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Graduate Advice
5 min read

Keeping Momentum After Graduation by Investing in Yourself

For most people, graduating represents far more than simply passing your exams and gaining your degree. It is, instead, a pivotal point in our life where we move from the highly structured life that full-time education affords us into one where we begin to set our own goals and choose how we spend our time, wisely or otherwise.
Written by
Matthew Williams
Guest Post
Published on
June 15, 2023

For most people, graduating represents far more than simply passing your exams and gaining your degree. It is, instead, a pivotal point in our life where we move from the highly structured life that full-time education affords us into one where we begin to set our own goals and choose how we spend our time, wisely or otherwise.

Graduating is, then, an extremely exciting time where we can begin to knuckle down and focus our efforts on where we choose to. The risk, of course, is that outside of the educational environment, we may lose momentum. It can be difficult formulating our own “curriculum” and determining our own path. With most graduates in their early twenties, there can be a temptation to put things off and assume there’s plenty of time to make big career decisions later on.

With most of your life’s biggest decisions made during the years that follow graduation, however, this is no time for sitting back. Instead, post-graduation represents the time to double down and spend time investing in yourself so you can keep momentum and reap the benefits down the line. Below, we’ve put together some of the best ways to go about this and keep your momentum going after university.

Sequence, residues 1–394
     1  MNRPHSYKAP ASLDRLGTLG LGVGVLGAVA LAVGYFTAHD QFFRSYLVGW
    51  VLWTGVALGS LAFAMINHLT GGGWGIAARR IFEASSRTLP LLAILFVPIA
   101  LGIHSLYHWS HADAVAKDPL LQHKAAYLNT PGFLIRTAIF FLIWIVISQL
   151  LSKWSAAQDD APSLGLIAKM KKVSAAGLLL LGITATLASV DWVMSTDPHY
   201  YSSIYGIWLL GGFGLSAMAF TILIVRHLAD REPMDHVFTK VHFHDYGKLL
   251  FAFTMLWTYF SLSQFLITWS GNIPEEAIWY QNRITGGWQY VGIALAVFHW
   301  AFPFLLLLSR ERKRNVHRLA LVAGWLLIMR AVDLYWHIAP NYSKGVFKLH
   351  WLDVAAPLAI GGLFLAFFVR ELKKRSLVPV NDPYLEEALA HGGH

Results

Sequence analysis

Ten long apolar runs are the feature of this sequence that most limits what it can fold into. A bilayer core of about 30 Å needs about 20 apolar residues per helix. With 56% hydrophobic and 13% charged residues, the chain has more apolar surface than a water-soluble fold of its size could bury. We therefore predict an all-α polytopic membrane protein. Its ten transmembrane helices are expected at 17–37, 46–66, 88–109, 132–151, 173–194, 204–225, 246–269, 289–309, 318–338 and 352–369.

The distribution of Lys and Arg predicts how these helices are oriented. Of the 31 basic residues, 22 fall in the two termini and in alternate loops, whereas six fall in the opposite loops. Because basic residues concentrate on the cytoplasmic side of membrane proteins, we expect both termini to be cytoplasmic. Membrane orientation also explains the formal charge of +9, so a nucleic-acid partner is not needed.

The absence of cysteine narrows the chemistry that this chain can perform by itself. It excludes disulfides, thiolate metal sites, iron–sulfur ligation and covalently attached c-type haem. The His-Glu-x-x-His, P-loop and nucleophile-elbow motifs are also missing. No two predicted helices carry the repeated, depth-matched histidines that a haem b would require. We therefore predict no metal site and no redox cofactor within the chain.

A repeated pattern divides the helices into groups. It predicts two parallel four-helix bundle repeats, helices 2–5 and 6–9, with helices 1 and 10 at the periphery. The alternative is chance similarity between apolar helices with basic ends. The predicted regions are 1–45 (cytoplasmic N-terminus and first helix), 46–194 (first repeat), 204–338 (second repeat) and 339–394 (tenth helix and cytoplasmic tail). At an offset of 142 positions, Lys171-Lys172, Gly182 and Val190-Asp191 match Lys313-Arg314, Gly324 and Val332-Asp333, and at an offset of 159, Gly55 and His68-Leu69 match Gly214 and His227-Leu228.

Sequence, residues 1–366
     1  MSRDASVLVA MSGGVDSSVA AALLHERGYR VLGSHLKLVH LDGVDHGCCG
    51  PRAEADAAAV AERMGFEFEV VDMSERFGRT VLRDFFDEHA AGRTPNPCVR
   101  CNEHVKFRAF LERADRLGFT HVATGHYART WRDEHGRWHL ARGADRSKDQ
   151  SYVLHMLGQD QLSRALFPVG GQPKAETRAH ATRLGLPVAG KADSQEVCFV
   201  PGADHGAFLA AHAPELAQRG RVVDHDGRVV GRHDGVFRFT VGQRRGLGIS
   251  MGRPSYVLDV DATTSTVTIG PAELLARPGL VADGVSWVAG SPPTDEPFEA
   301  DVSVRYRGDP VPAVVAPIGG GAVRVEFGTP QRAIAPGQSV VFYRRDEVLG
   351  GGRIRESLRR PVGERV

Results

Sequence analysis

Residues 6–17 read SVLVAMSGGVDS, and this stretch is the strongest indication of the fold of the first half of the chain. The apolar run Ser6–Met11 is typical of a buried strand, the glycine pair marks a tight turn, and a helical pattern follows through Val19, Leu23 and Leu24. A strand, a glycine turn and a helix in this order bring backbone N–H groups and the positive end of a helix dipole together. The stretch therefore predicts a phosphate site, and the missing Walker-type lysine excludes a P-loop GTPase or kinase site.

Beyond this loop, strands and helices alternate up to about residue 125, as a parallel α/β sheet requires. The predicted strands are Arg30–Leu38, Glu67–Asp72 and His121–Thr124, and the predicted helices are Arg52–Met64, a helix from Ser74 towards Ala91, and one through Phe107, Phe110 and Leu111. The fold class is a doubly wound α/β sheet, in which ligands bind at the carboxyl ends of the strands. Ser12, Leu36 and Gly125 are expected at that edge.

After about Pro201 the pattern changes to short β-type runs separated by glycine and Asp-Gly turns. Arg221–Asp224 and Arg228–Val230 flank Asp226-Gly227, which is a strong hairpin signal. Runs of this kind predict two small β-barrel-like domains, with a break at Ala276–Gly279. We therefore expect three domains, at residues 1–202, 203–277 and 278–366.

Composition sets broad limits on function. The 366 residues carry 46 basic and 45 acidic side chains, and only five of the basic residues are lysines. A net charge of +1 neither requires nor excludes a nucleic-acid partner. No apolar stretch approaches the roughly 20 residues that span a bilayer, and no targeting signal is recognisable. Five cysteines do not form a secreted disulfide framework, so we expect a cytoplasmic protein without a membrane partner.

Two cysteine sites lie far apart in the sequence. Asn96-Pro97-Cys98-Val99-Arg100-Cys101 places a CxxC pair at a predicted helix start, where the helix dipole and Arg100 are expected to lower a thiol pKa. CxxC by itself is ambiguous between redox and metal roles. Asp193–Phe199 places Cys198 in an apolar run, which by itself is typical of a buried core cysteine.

Don’t stop learning

While your university education will no doubt give you some skills and proficiencies that will net you a job, it’s important to keep studying. In fact, far from the end of education, graduation can be considered the beginning of a lifelong journey to keep learning.

As most graduates soon discover, a university education is great for teaching theory and fundamental practices but most roles will require some form of specialised knowledge and experience that a single degree can’t cover.

One way to invest in yourself and keep the momentum going, then, is to enrol in some evening classes, bootcamps, workshops, or online courses to further expand your skillset.

For example, the platforms, languages, and libraries, that a recently graduated web developer has learned about in university will likely already be outdated. It is simply the nature of some industries to move fast and it is expected for those involved to keep abreast of the latest technologies.

Make big decisions

Despite being told how nice it must be to be young, free, and have your entire future ahead of you, graduation can be an anxious time for many. Not only is graduation a time for saying goodbye to close friends and a supportive environment, but you may even feel overwhelmed by the sheer amount of choices and possibility before you.

As well-cited books such as Dr. Meg Jay’s Defining Decade explain, however, the period following graduation is crucial in setting the tone for the rest of your life, especially your career. During these years, you will most likely set your career trajectory, meet your life partner, and see some of your career’s most dramatic pay increases. The data shows that graduates who make big decisions tend to be more confident, enjoy higher self-esteem, and go on to be overall more successful.